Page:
Is there something anyone can recommend for this that won't look as unsightly as the white lead or should I just use white lead again and maybe paint it brown to blend in?

    I also inspected the ribs for cracks.Most of them are sound and the worst ones are probably these three.
    20161104_163146.jpg
    The planking around them seems fine and the ribs don't move around.I could make the crack move a little (no more than 0.25mm) when I flexed the hull.
    I treated the worm when I first got the boat and will do so again.I also intend to give it a dose of wood hardener.
    I don't think the ribs need replacing but what are other peoples opinions? There are other ribs that are not cracked but have similar amounts of woodworm.Would worm treatment and hardener be enough to keep them from breaking?
    I intend to treat her with care and will only be paddling on flat water.
    Many Thanks
    Alick
     
  16. OP
    OP
    Blott

    Blott LOVES Wooden Canoes

  17. alick burt

    alick burt LOVES Wooden Canoes

    yes I was also thinking sticks like **** in clear might be good.Just looked at data sheets which both advise contacting the makers for other applications so might make some calls.One concern for both these materials is of course that they are modern so some may not approve.(Please feel free to comment/ suggest alternatives everybody:)
    Also in reading about white lead I read that it does have a degree of fungicide anti rot element and has stood the test of time.
    Another thought is that I could use epoxy but I think I need more flexibility.
    The gaps are not big probably only 1.5mm max although I do not know how deep they go and am uncertain of the condition of the timber of the stems and planking deep down.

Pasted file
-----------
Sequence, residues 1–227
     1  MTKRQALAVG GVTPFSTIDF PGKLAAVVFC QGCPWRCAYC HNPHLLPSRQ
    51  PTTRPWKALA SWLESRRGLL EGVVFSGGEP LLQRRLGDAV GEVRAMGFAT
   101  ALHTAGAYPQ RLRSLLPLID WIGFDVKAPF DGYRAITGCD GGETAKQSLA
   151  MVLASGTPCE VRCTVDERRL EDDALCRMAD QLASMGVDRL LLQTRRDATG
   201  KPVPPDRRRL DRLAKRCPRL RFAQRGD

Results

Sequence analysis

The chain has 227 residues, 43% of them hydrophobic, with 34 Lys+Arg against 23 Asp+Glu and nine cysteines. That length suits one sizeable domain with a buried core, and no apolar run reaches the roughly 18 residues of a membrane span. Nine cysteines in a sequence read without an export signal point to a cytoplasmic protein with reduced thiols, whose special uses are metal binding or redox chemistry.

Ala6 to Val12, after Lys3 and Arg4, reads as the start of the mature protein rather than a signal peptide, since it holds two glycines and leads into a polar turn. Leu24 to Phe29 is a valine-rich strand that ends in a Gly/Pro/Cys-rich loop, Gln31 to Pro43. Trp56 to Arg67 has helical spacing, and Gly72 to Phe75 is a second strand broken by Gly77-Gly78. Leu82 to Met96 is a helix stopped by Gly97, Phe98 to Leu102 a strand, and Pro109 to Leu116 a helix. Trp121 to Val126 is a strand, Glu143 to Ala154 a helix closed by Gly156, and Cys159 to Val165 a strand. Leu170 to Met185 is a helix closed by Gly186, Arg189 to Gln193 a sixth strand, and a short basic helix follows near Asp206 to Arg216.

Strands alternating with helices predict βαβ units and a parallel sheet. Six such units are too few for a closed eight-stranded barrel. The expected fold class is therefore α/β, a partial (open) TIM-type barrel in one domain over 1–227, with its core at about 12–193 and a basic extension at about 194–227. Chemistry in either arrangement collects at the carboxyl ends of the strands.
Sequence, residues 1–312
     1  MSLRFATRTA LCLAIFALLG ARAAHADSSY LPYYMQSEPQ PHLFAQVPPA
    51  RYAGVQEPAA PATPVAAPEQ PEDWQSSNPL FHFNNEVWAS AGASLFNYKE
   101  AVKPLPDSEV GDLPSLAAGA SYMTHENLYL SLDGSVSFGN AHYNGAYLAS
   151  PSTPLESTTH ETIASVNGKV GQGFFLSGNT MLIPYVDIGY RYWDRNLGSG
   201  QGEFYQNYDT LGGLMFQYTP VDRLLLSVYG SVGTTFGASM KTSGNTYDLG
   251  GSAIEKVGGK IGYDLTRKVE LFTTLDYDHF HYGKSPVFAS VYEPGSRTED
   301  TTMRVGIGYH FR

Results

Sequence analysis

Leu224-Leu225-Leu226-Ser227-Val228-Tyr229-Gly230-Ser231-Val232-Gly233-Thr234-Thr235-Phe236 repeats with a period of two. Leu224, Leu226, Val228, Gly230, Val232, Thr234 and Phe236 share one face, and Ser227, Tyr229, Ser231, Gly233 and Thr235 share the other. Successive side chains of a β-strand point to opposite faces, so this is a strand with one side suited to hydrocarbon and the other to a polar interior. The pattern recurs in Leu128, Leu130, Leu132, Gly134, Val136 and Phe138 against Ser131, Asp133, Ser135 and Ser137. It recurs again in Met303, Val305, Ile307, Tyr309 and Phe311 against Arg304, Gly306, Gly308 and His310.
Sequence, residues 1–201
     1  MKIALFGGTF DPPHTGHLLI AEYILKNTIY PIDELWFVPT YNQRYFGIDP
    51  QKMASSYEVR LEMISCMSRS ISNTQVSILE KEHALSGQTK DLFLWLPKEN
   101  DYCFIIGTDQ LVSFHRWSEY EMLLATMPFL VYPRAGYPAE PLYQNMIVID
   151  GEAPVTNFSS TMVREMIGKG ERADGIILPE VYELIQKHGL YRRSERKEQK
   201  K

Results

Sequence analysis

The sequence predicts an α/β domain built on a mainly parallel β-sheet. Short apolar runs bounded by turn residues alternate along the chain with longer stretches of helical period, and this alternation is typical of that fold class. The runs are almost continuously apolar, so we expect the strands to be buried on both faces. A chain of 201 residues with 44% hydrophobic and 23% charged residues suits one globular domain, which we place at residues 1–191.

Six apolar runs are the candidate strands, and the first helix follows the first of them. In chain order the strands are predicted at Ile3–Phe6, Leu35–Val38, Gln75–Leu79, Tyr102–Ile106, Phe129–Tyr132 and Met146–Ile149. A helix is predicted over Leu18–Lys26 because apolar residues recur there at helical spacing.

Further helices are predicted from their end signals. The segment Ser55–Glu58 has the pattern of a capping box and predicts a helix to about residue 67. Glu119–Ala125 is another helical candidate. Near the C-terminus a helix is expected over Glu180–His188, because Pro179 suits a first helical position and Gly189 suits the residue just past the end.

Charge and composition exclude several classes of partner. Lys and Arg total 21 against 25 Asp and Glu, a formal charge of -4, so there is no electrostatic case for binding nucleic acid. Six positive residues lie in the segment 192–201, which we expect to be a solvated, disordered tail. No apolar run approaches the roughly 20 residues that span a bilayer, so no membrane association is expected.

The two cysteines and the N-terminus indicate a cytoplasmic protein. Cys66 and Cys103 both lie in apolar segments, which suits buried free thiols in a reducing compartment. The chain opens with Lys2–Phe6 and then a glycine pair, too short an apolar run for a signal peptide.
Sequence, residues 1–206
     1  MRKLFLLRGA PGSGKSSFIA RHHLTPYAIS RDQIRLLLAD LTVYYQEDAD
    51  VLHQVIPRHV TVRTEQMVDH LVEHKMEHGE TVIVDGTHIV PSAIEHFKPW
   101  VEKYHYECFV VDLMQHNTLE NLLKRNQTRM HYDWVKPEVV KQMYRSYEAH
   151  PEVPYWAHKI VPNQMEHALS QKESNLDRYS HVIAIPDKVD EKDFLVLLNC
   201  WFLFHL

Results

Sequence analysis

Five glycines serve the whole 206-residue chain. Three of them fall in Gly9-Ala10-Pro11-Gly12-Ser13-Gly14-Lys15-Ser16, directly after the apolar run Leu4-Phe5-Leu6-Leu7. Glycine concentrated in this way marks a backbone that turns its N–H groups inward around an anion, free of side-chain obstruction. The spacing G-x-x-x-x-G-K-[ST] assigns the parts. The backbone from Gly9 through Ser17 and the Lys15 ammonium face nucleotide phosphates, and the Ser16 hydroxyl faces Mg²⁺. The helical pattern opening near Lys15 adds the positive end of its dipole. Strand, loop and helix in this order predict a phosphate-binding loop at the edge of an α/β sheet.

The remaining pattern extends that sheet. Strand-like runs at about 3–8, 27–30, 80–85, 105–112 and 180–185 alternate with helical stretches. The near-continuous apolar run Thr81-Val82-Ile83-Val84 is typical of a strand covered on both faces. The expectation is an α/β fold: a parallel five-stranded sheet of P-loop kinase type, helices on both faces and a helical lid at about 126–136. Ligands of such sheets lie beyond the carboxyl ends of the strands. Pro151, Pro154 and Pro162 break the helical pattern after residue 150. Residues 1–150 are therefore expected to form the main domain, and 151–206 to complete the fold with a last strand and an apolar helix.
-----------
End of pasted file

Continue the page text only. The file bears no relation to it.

Incidently the arbokol data mentions a minimum joint size requirement of 6mm (not sure it matters but may ask if I call them)
    and the Sticks Like says its not suitable for water immersion although that may be just during curing.(That's what I will ask if I call them)


    Cheers :)
    Alick

    P.S. I just did a search for marine sealant which bought up loads more options.see here ! http://www.westmarine.com/WestAdvisor/How-to-Select-Sealants-and-Caulk
     
    Last edited: Nov 6, 2016
  18. alick burt

    alick burt LOVES Wooden Canoes

    What are my ribs made of??

    Hello Folks
    Today I have been playing with making some replacement ribs but I am still not sure what the originals are made from??
    There are quite a lot with worm in and some are cracked right through so i think it will be sensible for me to at least replace the worst ones.
    Looking at them I thought they might be butternut but it is difficult to tell as they are so thin so there isn't a lot of grain to look at.Whatever it is the woodworm like it.
    They aren't Ash as the grain is not pronounced enough and they are too pale for mahogany.
    Anyway I happen to have lots of poplar in my workshop so I machined some up steamed it and put it in the hull to set.It was very easy to steam and bend and I know it isn't particularly durable (neither is butternut) but will it be ok once varnished? I am fairly confident I can stain it to match reasonably as its grain is very similar to whatever the originals are made of.
    20161125_104629.jpg

    Cheers:confused:
    Alick
     
  19. Dick Persson

    Dick Persson Canoe builder & restorer

    Hi Alick,

    The ribs were mostly made from Rock elm or White oak.
     
  20. alick burt

    alick burt LOVES Wooden Canoes

    Thanks Dick
    I have plenty of white oak and some elm though I don't think it is rock elm I will see how they compare.:)
    Cheers
    Alick